Prince Orlando (Alison Downes) although a relatively minor character in this version of the story, did well to portray the typical Principle Boy. Body stance was perfect, with thighs pulled up tight and shoulders back. The duet with Princess Aurora was enjoyable but lacked power but perhaps this was due to the choice of song.
The ensemble worked hard, singing, dancing and smiling throughout. The rat dance was great fun but the highlight for me was the Dream Land Ballet. This had a beautiful fluidity about it and I enjoyed it very much
Lighting was well positioned and costumes appropriate although I would have liked to see Princess Aurora with her hair taken off her face and her makeup a shade darker. This is panto’ time so bring on the false lashes and bright lipstick! For me the fairies needed more sparkle on their eyes and cheeks and again hairstyles needed addressing. Makeup for the OTT characters was good but for mere mortals faces were very pale and the stage lighting drained the skin of colour.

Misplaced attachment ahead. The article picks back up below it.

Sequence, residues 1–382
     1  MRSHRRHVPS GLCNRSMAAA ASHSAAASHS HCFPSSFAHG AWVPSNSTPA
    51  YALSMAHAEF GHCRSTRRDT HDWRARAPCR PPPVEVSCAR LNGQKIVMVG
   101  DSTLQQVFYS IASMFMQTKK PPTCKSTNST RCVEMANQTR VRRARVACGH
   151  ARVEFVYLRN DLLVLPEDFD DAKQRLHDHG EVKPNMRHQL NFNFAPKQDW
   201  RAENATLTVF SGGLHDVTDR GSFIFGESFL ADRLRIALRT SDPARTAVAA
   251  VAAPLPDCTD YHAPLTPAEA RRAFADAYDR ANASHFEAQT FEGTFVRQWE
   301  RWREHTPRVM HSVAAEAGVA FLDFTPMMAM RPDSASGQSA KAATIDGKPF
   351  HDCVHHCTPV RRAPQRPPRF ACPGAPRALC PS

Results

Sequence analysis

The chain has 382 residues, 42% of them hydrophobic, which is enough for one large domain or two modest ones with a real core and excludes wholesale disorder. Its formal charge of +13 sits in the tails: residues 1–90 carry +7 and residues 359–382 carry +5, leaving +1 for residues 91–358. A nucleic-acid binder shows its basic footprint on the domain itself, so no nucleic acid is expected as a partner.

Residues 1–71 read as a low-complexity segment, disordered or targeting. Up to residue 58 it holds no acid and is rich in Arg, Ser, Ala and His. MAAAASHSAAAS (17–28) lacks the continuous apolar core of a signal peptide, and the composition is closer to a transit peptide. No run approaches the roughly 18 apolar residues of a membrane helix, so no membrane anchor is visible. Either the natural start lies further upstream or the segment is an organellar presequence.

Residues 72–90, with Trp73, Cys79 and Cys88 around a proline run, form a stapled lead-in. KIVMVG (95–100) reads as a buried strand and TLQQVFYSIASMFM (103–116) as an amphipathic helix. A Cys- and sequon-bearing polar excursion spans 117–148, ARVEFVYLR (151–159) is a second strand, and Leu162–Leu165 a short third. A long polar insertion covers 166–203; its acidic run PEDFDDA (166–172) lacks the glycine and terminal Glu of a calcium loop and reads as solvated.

Choreography was simple yet adequate for the size of stage and the various abilities of the cast. No one looked out of place or awkward.
This production was performed well considering the weakness of the script and I was pleased that some current jokes were interjected to bring the dialogue up to date.
Well done to you all.
Thank you for your hospitality -
Our Next Show in May 2020
Pirates of Penzance -
I don’t mind admitting that Gilbert & Sullivan have never been on my playlist, nor had I ever seen any of their operettas. I was familiar with several of their compositions however, songs such as “I am the very model of a modern Major General” and “When a fellon’s not engaged in his employment” (a.k.a. A Policeman’s Lot Is Not A Happy One). So I was unsure quite what to expect when I took my seat for the final performance of The Thalians latest offering “The Pirates Of Penzance”at the Thalian’s Hall in Bridge Road East, WGC on Saturday last.
I need not have worried as the entire show was a visual and musical delight from beginning to end. I do not exaggerate when I say it had everything from comedy, pathos, virtuoso singing (more of that later in my review), rousing ensemble singing, glamour, and did I mention comedy? Added to this was a first-